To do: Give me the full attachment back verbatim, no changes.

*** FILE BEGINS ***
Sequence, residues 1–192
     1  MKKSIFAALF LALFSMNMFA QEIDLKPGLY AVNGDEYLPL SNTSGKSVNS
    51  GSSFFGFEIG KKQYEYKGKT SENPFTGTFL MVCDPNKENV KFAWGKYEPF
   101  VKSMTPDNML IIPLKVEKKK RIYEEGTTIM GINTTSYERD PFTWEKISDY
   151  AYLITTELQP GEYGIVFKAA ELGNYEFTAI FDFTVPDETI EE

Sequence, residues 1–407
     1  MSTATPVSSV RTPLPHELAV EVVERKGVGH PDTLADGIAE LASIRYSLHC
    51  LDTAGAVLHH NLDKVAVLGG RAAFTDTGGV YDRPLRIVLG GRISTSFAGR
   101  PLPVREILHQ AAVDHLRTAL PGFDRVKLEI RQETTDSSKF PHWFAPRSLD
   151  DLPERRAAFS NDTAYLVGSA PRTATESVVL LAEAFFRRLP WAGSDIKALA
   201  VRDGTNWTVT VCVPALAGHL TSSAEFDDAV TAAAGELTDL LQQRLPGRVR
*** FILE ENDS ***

Sequence, residues 1–192
     1  MKKSIFAALF LALFSMNMFA QEIDLKPGLY AVNGDEYLPL SNTSGKSVNS
    51  GSSFFGFEIG KKQYEYKGKT SENPFTGTFL MVCDPNKENV KFAWGKYEPF
   101  VKSMTPDNML IIPLKVEKKK RIYEEGTTIM GINTTSYERD PFTWEKISDY
   151  AYLITTELQP GEYGIVFKAA ELGNYEFTAI FDFTVPDETI EE

Sequence, residues 1–407
     1  MSTATPVSSV RTPLPHELAV EVVERKGVGH PDTLADGIAE LASIRYSLHC
    51  LDTAGAVLHH NLDKVAVLGG RAAFTDTGGV YDRPLRIVLG GRISTSFAGR
   101  PLPVREILHQ AAVDHLRTAL PGFDRVKLEI RQETTDSSKF PHWFAPRSLD
   151  DLPERRAAFS NDTAYLVGSA PRTATESVVL LAEAFFRRLP WAGSDIKALA
   201  VRDGTNWTVT VCVPALAGHL TSSAEFDDAV TAAAGELTDL LQQRLPGRVR